Since we’re all Sparklers and self-proclaimed nerds of the highest caliber, it’s no surprise to us that fictional universes can be life-changing. Who here sobbed at the end of The Book Thief? How many of us started fist pumping uncontrollably when Gryffindor won the House Cup in The Sorcerer’s Stone because Neville BAMF’d it up? Let’s face it—if we said fictional characters don’t have a massive stranglehold over our emotional stability, we’d be lying.
But did you know that fictional characters can have a subconscious impact on our behavior as well? (So if you seem to be hunting small animals, outrunning fireballs and kicking butt lately, you have Katniss to blame.)
Well, no. It’s actually more subtle than that (so if those things are happening to you, check and see if your life is an action movie and we’ll go from there). Science says it has to do with something called “experience-taking,” which means that you identify with a particular character and subsequently take on certain facets of their personality and beliefs. Let’s say you identify with Aberforth Dumbledore—well then you, kind reader, might begin exhibiting Aberforth-like qualities in real life, flinging goat poo even more joyously than you had before.
After reading stories, participants were asked to measure their ability to identify with a character, and their behavior was monitored for days afterward. One experiment explained that people were more likely to vote after reading a story in which they identified with a character that also voted. This would be infinitely more exciting had the people been more likely to buy a unicycle and then roundhouse kick a grizzly bear after reading about a character who did those things, but I understand that scientific findings demand plausibility, and also that this is why I’m not a scientist.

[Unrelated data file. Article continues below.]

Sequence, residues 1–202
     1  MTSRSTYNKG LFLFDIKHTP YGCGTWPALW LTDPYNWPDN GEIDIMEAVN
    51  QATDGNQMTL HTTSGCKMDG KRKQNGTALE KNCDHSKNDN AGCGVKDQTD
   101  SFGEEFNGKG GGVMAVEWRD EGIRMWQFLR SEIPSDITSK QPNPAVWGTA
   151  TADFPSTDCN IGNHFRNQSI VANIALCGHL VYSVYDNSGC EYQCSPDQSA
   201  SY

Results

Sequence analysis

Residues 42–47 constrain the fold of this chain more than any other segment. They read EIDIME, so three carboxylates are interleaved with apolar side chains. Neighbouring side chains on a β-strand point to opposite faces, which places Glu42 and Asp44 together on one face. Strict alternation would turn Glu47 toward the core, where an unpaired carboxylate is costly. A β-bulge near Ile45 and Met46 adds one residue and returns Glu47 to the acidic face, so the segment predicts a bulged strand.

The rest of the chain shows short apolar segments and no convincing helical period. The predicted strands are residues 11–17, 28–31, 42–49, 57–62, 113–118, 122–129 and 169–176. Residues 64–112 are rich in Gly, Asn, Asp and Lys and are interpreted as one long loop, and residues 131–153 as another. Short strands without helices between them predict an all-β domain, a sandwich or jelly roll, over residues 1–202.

If it sounds disturbing to you that we could lose parts of ourselves in favor of the behavioral qualities of someone who doesn’t even exist, fear not—it’s a temporary phenomenon and doesn’t even happen to everybody. (I found this disappointing, because I thought I had finally discovered a way to become Luna Lovegood.) You’ve got to be able to relinquish your self-identity, in a way, and really submerge yourself in the fictional universe. An experiment showed that college students were much less able to undergo experience-taking when they were reading in front of a mirror, presumably because they were constantly reminded that they were not Luna Lovegood and then wept tears of anguish.
It’s been suggested here that immersing yourself in a novel actually instills a sense of belonging and connectedness that is crucial to life satisfaction. Experience-taking has also been proven useful in decreasing racism, homophobia, and stereotypes in general.
As if we needed any more evidence that books are basically the definition of awesome.